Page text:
The tanker, which travels over a thousand kilometers to the farm with it's belly full of hope for another month, young Kirby sees as the closest facsimile to rain he has. The familiar sound of the engine, he imagines sounds like thunder approaching up the farm road. The ever increasing sloshing sound of the contained water. Then once unleashed, its unmistakable smell which in the dry hits your nostrils like a hammer and almost sends you reeling.

When young Kirby reported this find to his dad but then followed it with his young voice of encouragement about the tanker, William's weary body slipped to his haunches. He could not share in his son's hope for he knew there was no water delivery this month. Or any other month. The farm's credit had now been suspended and their bank overdraft had reached well beyond it's limit. Their survival now depended on bringing their meager two fields to maturity. A proposition that seemed hopeless.

William explained this to young Kirby in the simplest terms for his young mind to comprehend. Although having an understanding of the importance of money and it's role in farming, young Kirby only picked up on the change of his Father's voice. He had never heard him speak in such low and forlorn tones. He had never seen his dad's face so gray and drawn. With the shock of this change and the intake of what was just said, young Kirby was confused and didn't know what to say or do. His thoughts drifted immediately to his mother; a comfort zone till father spoke again. He never did. They both were silent for the remainder of the day.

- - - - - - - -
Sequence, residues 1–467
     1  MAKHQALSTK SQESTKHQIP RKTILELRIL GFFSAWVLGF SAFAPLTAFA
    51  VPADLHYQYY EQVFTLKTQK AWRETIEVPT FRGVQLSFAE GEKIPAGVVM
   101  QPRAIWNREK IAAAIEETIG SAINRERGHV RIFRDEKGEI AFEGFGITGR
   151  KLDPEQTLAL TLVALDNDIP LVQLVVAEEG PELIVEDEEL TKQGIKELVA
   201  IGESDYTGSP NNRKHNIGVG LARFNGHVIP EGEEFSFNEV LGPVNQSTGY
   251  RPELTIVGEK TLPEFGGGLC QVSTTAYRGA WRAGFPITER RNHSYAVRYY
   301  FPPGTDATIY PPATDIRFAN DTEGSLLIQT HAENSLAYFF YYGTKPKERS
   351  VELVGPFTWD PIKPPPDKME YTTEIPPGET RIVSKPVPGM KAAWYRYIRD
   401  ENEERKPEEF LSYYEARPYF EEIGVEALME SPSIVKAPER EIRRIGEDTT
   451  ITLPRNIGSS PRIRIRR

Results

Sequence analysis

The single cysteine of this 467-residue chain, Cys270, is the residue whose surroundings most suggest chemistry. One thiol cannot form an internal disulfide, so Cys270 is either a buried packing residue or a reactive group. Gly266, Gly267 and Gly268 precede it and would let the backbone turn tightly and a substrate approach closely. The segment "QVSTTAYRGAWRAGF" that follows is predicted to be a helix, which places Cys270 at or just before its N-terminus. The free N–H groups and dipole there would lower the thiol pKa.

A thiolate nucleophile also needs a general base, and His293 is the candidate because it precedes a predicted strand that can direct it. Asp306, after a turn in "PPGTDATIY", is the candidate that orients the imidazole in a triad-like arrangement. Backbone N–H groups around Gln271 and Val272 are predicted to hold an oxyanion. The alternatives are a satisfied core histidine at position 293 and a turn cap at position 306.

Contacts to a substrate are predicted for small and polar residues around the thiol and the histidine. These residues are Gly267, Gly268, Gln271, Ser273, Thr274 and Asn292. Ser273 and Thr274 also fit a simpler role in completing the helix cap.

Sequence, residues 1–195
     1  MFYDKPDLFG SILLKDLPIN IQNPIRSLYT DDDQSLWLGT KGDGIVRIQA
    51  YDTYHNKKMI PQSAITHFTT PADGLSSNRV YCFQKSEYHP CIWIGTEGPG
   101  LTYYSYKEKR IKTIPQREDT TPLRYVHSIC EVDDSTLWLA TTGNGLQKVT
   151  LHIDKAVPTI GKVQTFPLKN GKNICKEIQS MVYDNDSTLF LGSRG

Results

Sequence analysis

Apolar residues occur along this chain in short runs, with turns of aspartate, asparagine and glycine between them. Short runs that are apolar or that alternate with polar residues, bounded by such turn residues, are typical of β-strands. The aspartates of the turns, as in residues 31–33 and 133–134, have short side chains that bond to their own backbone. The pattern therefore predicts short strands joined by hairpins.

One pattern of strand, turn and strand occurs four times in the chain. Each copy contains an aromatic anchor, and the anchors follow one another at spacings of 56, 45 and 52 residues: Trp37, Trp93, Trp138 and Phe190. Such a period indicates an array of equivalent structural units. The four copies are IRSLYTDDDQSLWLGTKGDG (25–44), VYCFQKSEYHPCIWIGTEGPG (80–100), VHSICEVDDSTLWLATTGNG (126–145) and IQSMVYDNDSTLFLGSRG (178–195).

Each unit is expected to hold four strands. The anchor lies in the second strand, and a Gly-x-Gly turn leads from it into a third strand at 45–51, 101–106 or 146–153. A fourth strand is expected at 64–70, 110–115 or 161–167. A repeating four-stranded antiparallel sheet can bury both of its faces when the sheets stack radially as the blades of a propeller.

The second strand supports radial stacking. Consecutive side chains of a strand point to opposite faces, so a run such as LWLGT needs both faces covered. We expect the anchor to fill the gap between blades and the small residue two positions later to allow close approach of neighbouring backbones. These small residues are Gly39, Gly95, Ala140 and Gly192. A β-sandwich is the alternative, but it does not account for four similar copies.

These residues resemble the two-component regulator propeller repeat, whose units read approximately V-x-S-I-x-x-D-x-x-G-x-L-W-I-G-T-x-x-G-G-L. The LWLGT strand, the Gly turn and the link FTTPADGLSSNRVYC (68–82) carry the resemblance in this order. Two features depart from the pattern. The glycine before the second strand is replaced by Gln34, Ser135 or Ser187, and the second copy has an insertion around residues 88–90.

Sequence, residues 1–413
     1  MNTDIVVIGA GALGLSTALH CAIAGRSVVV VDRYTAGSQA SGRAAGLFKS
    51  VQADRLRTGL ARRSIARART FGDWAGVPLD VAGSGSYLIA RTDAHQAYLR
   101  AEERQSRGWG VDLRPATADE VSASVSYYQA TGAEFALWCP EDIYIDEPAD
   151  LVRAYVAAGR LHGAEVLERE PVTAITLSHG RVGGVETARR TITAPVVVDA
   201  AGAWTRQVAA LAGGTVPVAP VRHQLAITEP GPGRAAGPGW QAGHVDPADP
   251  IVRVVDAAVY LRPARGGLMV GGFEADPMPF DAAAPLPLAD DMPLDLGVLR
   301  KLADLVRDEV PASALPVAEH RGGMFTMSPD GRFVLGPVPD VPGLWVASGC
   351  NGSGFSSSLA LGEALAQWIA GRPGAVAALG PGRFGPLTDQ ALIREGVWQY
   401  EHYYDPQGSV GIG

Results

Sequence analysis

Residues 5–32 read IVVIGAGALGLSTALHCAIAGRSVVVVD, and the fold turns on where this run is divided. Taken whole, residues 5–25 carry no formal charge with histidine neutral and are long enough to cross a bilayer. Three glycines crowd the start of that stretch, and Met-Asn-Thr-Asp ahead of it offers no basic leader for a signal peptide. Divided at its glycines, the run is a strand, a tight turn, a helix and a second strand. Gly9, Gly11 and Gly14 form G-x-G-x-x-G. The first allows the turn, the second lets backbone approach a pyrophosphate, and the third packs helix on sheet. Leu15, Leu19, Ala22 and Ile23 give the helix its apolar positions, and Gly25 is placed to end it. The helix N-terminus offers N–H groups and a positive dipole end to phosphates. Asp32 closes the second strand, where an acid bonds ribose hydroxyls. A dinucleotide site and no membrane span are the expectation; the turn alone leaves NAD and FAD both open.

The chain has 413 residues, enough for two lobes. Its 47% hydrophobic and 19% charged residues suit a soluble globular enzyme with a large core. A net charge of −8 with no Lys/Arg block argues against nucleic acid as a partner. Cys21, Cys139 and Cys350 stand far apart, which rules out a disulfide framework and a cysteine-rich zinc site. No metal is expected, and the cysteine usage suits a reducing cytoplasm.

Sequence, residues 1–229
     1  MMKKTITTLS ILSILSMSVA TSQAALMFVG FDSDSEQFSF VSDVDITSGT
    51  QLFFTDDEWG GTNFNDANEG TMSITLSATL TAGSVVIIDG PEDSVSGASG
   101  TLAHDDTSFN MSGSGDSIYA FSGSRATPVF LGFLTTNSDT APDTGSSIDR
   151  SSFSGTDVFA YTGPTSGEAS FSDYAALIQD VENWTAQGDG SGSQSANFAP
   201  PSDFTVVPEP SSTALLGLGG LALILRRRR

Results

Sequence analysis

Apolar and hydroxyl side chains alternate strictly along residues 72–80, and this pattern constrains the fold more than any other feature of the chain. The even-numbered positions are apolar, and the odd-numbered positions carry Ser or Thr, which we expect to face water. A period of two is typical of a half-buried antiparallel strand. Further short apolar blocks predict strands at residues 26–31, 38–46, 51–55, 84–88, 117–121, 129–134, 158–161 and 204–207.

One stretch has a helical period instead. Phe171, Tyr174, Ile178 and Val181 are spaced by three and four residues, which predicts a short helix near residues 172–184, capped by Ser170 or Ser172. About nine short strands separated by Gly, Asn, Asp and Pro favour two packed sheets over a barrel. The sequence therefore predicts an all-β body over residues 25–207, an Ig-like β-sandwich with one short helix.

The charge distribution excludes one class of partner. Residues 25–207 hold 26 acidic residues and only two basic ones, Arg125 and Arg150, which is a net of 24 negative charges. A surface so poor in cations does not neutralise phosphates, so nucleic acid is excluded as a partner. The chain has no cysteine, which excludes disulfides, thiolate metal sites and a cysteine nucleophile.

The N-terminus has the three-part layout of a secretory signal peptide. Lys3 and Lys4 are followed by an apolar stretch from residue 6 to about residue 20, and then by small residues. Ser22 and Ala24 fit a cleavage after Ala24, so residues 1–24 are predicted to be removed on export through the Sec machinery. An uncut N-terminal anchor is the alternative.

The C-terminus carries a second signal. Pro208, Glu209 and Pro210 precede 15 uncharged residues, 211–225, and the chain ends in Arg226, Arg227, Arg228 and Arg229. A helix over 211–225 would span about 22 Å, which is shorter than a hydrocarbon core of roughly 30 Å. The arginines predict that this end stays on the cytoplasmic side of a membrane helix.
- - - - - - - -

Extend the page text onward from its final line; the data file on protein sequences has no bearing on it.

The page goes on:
Days pass and it's Christmas Eve. The situation is unchanged. No rain. Water low. Spirits devastated. William has decided to abandon a field giving their final piece of cultivated land a chance of saving their lives. Their water was now more valuable than anything on the farm. None could be wasted. None could be spared.

Christmas Eve has always, in the past, been celebrated with joy and hope no matter what the situation in the Turner family. The smell of baking, the excitement of one more sleep before Santa, the melodic sound of carols, the celebration of a special birth. This eve it was not to be. Only the smell of the unforgiving dust and unwashed sweat filled the air and silence was everywhere in the old homestead except for the sound of faint murmurs.